I kinda tripped into activism.
A decade ago, after about six months of exploring my identity, I finally dived into the world of LGBTQIA+ student groups, the fall semester of my sophomore year of college. I was ready to find real life support systems, though I was still in the closet to family and friends at the time. I found a group called LLEGO, a student group at Rutgers University for queer and trans people of color.
The following school year, I was the Secretary of LLEGO. I became Co-President my senior year. The year I became Secretary of LLEGO, I also became the public relations officer for a new student organization: Fusion, an organization focused on the experiences of multiracial people.
These positions threw me head-first into the world of student activism, which has a very long tradition across the world. Through the various associations I made, I also became involved in anti-war and other forms of activism, ever-evolving my understanding of social justice and the intricate nature of expanding beyond race and queer issues of oppression in this world.
In the years since, I’ve experienced many personal and professional triumphs and setbacks. Sometimes my activism has had to take a backseat to real life, due to access issues or just the daily grind of trying to survive as a multiply marginalized person.
One of the biggest things to impact my life, however, has been becoming disabled. Activism can seem intimidating, all the more so for those with accessibility issues of various kinds. There are myriad numbers of disabilities which can affect how we can (or can’t) engage in activism. Class is a factor in accessibility. So is citizenship status. And these can all intersect with race, gender, age, and education, among others.
Maybe you can’t afford to travel to that planning meeting. Maybe your wheelchair, cane, or fibromyalgia makes it difficult or impossible to attend marches and rallies. Maybe starting a family has had a severe impact on your ability to travel cross-country, giving educational lectures or revolutionary workshops.
That’s okay! We don’t always have to be on. It took me some time to realize that myself, but it’s true. Below are ideas for other ways you can get involved, disrupt the system, and make a difference!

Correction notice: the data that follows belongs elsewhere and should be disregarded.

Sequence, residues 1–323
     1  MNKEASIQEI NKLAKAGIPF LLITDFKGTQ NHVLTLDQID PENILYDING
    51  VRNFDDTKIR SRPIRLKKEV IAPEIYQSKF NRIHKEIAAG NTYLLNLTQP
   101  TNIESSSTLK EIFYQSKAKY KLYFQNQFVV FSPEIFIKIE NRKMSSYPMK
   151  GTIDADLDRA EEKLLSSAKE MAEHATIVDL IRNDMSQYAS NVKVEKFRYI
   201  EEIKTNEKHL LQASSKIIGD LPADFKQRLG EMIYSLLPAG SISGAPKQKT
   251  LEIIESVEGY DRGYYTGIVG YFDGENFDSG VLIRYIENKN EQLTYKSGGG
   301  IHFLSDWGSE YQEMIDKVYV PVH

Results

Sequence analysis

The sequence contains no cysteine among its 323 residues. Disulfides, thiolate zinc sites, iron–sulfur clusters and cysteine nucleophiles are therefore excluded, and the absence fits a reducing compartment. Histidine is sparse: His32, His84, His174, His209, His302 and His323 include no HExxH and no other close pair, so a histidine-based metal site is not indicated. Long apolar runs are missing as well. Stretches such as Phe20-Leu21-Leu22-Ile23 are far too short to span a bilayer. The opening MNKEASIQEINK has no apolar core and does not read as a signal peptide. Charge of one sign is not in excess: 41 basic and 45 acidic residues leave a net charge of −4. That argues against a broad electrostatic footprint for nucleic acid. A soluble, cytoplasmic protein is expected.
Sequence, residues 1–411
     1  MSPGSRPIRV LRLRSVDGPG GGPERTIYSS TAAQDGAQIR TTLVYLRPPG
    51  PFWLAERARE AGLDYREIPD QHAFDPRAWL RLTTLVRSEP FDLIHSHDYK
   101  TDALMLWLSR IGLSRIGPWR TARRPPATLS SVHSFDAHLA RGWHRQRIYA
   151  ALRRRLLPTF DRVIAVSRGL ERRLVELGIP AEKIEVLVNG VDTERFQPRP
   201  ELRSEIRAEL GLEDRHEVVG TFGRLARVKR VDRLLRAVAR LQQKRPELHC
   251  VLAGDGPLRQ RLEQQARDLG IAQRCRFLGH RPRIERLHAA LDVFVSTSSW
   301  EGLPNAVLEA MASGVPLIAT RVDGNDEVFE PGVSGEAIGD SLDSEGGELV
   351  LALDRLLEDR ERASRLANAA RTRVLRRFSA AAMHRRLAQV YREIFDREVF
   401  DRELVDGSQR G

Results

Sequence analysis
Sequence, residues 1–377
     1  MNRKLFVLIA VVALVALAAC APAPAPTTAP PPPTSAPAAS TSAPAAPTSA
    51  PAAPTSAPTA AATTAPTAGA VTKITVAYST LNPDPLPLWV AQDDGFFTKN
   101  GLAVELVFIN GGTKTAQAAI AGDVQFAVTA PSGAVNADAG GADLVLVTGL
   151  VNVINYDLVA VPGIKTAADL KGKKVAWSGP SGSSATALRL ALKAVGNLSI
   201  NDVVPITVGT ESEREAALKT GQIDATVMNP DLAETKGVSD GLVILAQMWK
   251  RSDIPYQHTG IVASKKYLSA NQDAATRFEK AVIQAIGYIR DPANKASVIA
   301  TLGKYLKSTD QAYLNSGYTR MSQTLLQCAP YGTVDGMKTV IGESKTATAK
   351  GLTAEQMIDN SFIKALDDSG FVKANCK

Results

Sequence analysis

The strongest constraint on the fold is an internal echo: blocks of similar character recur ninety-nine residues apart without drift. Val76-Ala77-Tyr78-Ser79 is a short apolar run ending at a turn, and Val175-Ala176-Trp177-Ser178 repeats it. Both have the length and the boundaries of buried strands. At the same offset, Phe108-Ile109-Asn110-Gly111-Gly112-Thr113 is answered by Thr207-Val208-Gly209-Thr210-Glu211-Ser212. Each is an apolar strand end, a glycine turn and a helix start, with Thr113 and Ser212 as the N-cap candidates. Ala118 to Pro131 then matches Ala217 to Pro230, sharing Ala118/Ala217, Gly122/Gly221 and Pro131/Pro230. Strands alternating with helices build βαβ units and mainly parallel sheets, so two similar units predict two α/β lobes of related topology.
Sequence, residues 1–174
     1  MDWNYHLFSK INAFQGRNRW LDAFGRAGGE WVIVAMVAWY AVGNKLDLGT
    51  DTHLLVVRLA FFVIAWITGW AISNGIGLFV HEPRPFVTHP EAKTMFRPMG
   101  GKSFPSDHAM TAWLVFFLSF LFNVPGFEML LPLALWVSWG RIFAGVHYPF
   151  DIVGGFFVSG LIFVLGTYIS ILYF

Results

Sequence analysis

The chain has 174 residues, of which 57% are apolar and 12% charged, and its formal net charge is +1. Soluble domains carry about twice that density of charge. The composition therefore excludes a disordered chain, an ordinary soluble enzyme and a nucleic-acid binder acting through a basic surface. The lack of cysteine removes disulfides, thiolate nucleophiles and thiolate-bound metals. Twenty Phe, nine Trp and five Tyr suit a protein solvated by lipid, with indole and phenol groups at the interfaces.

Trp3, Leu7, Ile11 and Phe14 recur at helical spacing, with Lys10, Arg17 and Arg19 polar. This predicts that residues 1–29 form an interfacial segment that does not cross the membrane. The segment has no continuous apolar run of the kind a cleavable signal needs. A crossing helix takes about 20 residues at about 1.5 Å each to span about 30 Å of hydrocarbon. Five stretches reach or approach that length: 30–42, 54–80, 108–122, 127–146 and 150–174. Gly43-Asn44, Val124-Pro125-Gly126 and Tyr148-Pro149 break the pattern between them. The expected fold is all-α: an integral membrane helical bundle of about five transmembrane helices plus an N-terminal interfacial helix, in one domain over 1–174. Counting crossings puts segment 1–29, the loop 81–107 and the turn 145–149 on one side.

1. ART AS ACTIVISM
Art has a long history of being used as an activist tool in fights for liberation. The great thing about art is that it can take many forms and literally anyone can do it. You don’t have to be Picasso to paint a picture or Toni Morrison to write an essay. You don't have to be Beyonce or Whitney Houston to sing a song. From singing and songwriting, musical instruments, and poetry to filmmaking, prose, dancing, and painting, art is everywhere and in everything.
While my activism started off as the well-known archetype — helping to organize and participating in rallies and marches — much of what I do now is writing. I’ve always been a writer, but right now it is the tool to which I have the easiest access. It allows me to work from home, and usually at my own pace.
Art by itself generally doesn’t lead to direct changes in policy or laws, but it does have the important effect of changing social paradigms, which changes culture. It also has the important effect of galvanizing oppressed people and our allies to do the work that does lead to the larger, more concrete changes.
You can feature your work in your community, online, and in print. You can even distribute your work on your own, by creating your own Tumblr, Wordpress blog, Etsy store, personal website, or sharing it in person at open mics and other cultural gatherings, at protests.
2. TEACH-INS AND INFORMAL EDUCATION
Teach-ins as we know them today originated in the 1960s on college campuses. Although originally the purview of academics and higher education, the fact is that teach-ins can be organized by anyone, anywhere. All you need is a space, a topic or topics, and yourself! You can also collaborate with other individuals or local organizations.
Generally, teach-ins are a space where people can learn more about a topic, like the election process and voting or a history of civil rights and liberation movements. But they are also places to organize. Teach-ins can go broad or they can focus on specific issues.
3. SILENT PROTEST
San Francisco 49ers quarterback Colin Kaepernick has been making headlines lately for exactly this kind of protest, but he isn’t the first to do it. Like the previously mentioned tactics, silent protest also has a long history. In 1917, thousands upon thousands of Black Americans held a Silent Parade in New York in protest of lynching and other forms of anti-Black violence. Today, the annual National Day of Silence (NDOS) is meant to highlight the actual silencing that LGBTQIA+ experience every day. You can stage a silent protest on a smaller scale — at your school, where many NDOS actions take place every year — or, on a larger scale, like Kaepernick, NBA player Mahmoud Abdul-Rauf in 1996, and Olympians Tommie Smith and John Carlos in 1968.
You might be made to feel like you aren’t doing enough to “help the cause” or that what you do somehow doesn’t count. Or you may just be wondering what you can do. Fortunately, activism has always taken the form of various tactics. And while mainstream messages may tell you that only certain people can do activism or only certain things are “real” activism, the truth is that there are many ways to engage, endless ways to f*ck sh*t up, tear sh*t down, and be revolutionary. In fact, they often work in tandem to achieve visibility, equity, justice, and liberation. Some are big, some are small, but they all matter and make a difference.